“Never underestimate mankind’s capacity for mindless destruction.”
In recent months I have read several articles in the mainstream media that suggest human fertility could make reproduction difficult within a generation (e.g. here). Having read Gone, by Michael Blencowe, it is hard to mourn this potential issue. Throughout his existence man has been a scourge on our amazing planet, wiping out entire populations of his fellow creatures seemingly without caring about the carnage and suffering thereby caused.
The book is divided into eleven chapters, each focusing on a species that is now extinct, often because man discovered it existed. The creatures were slaughtered: for food, for wealth, for science. Where their natural habitat contained no predators, man’s arrival introduced them. Although often passing through – seeking food and trophies – if man stayed then his desire for settlement and agricultural land further destroyed ecosystems that had previously supported healthy populations of diverse wildlife. If money could be made this was regarded as reason enough for decimation.
The supposed great naturalists of past centuries, whose interest in science was lauded as a step forward in human understanding, were often culprits in destroying that which they studied.
“Like any great naturalist of his era, he carried with him the two qualities required for such an expedition: an enquiring mind and a big gun.”
Chapter One explains how thriving colonies of great auks were wiped out. The account is horrific and heartbreaking. Subsequent chapters continue in this vein proving that extinction was not a concern if riches and renown could be obtained. A good number of natural history museums around the world were founded on collections created by zoologists and other wealthy scientists, from specimens brought to them by bounty hunters. All that is left now of many magnificent species is skin and bones stored in drawers and display cases.
As well as travelling to the last known habitats of extinct species, the author visits the museums that hold what remains of them. He talks to the curators and is granted access to rare body parts, learning more about their history and the species’ demise.
“I look again to the animals whose lives I had followed and with whom I had felt an unexpected affinity. But all I see now are bones, feathers and fur, the sad remains of the worlds extinct creatures, taxidermy testaments to the havoc we have wreaked upon the world.”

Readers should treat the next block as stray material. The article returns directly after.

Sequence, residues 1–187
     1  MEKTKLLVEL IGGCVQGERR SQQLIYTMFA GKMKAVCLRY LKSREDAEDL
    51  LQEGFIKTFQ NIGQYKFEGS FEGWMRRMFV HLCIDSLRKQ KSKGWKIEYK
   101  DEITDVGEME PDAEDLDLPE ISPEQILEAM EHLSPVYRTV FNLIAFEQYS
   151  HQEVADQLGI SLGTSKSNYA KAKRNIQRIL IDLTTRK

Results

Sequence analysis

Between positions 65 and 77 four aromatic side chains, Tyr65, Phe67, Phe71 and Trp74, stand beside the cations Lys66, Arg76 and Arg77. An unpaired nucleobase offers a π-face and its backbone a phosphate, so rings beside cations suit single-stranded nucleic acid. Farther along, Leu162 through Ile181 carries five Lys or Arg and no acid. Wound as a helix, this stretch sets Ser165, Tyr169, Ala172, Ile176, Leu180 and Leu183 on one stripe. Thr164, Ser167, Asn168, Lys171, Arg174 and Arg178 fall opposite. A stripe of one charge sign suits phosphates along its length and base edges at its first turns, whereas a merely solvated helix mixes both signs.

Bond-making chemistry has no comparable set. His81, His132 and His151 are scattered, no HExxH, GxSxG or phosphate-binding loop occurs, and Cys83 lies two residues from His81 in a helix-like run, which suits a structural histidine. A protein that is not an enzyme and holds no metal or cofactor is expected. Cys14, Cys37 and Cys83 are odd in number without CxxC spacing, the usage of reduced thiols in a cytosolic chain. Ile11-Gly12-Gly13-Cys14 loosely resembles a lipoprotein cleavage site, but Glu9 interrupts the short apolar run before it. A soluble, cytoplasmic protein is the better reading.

The writing style makes this an easy book to read; the subject matter is harder to digest. Beautiful and evocative illustrations of the eleven creatures focused on – artwork by Jade They – help bring to life what has been lost. It is a cry to do better.
“On 6 May 2019, scientists from the United Nations gathered in Paris to announce the findings of a global study on biodiversity, concluding that 1 million of the world’s estimated 8 million species now face extinction, many within decades.”
“The driving forces behind these extinctions are changes in land and sea use, hunting and poaching, climate change, pollution and invasive alien species.”
It seems that man has learned nothing from his past wanton destruction – and continues apace.
Although upsetting to consider, if a book such as this can touch readers and drive a change of attitude it will have served its purpose. Sadly, I question if mankind is intelligent enough to fathom fully how this planet – our life support system – is being damaged by our actions. Unlike many of the creatures we have driven to extinction – peaceful and curious, unable to comprehend the danger posed by man – we have some awareness, yet continue.
Will we be willing to change how we behave when to do so may make our day to day lives less congenial? An evocative, disturbing, recommended read.
My copy of this book was provided gratis by the publisher, Leaping Hare Press.